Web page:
What really turns women on? According to a new study from Scotland's Abertay University, it may not be men's hard bodies, but rather, their strong antibodies
Forget the chiseled abs, strong cheekbones, and iron biceps. It turns out that the biggest turn-on for women is a man's powerful... immune system. A new study in Nature Communications found that women can somehow tell just by looking at a man that he's got high levels of the manly hormone testosterone and a rock-solid disease-fighting system, and that they find the combination extremely sexy. The hottest men, the study found, had great immune systems, lots of testosterone, and low levels of the stress hormone cortisol. Here's what you should know:
How did the study work?
Psychologist Fhionna Moore and her team at the Abertay University in Scotland selected 74 Latvian men in their early 20s, and tested their testosterone, cortisol, and antibody levels before and after an immune-system-challenging hepatitis B shot. Then they showed headshots of the men to 94 Latvian women in the same age group, having them rate the men's attractiveness on a 10-point scale. The hotness ratings were then matched to each man's hormone levels and immunse response. "Bottom line," says Shauna Wright at The Checkup: "Macho men look healthier."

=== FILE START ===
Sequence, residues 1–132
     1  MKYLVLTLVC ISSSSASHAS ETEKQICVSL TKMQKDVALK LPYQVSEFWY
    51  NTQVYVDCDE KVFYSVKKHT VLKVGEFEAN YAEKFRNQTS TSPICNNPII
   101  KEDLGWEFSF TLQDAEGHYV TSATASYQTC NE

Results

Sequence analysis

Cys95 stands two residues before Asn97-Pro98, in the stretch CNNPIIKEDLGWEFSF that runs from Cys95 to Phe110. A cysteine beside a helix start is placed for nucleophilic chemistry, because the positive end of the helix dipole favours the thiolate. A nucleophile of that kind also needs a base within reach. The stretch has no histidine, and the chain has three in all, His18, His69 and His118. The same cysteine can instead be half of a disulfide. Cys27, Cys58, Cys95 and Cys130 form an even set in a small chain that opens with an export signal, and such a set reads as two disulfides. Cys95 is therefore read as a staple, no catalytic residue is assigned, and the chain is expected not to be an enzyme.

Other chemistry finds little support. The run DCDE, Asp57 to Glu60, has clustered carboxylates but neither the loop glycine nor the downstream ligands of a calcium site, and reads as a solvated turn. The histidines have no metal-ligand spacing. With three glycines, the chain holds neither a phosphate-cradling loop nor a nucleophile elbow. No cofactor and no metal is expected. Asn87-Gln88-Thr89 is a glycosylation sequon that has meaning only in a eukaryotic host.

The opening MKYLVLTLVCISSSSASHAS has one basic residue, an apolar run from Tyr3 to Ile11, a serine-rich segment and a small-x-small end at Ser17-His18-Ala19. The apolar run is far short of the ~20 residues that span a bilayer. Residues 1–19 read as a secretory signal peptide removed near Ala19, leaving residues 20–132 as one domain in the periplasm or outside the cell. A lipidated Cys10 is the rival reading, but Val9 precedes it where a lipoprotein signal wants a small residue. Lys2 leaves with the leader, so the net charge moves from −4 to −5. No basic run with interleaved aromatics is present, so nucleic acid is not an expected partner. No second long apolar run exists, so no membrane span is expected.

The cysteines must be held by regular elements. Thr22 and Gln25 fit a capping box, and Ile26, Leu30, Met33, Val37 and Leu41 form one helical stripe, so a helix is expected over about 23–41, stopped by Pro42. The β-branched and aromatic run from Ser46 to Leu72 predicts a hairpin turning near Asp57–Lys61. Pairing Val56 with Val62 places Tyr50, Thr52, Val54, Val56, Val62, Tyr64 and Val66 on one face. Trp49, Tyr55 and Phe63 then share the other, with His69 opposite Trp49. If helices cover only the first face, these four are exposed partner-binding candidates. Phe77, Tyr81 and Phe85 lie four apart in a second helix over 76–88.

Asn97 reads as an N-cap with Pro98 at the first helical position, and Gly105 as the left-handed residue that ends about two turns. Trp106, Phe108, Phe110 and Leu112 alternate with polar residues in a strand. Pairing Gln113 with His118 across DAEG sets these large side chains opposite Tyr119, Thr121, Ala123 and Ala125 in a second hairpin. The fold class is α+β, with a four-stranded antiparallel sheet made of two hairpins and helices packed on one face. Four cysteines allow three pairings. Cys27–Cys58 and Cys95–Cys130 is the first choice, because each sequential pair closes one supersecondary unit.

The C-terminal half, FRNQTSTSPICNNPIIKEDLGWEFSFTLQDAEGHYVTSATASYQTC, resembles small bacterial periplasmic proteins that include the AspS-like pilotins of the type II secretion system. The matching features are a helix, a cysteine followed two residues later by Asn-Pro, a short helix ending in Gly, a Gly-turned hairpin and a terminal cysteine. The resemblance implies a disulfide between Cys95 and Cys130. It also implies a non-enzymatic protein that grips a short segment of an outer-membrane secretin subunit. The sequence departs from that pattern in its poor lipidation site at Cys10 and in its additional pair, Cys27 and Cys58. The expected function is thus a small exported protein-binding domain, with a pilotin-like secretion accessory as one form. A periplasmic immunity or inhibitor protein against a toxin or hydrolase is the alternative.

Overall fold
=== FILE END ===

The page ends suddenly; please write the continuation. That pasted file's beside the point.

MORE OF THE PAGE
Why is a good immune system so attractive?
Ruggedly handsome facial features have long been tied to high testosterone levels, which are in turn tied to healthy immune systems. If a man is both healthy and sexy, he's a good bet for creating strong offspring. It makes sense that powerful immune systems would be attractive in men, says Cassie Murdoch in Jezebel. "They produce sturdier children, they don't cough all the time, [and] you don't have to take care of them when they're always sick."
What role does stress play?
Cortisol tends to weaken the immune system, and men with high cortisol levels also had low testosterone levels. Researchers suggest that cortisol might keep testosterone from working its sexy magic on women, or even make a man's face less attractive. "Hollywood seems to have beaten science to the punch," says Anne Harding at Health.com. "It's no secret that there's something attractive about a man who seems relaxed and cool under pressure."
What can a guy do to up his sexy quotient?
More research needs to be done to determine how to mix up a "healthy hormone cocktail." But the study suggests you might have better luck with the ladies if you're in good shape and not stressed out. There also has to be an upper limit on testosterone levels, since "body builders who dope themselves on steroids until they look like they're going to pop" look neither healthy nor sexy, says Jezebel's Murdoch. But assuming these findings pan out for people who aren't Latvians in their early 20s, "it's probably only a matter of time before we're eagerly awaiting the release of People's Sexiest Immune System Alive issue."
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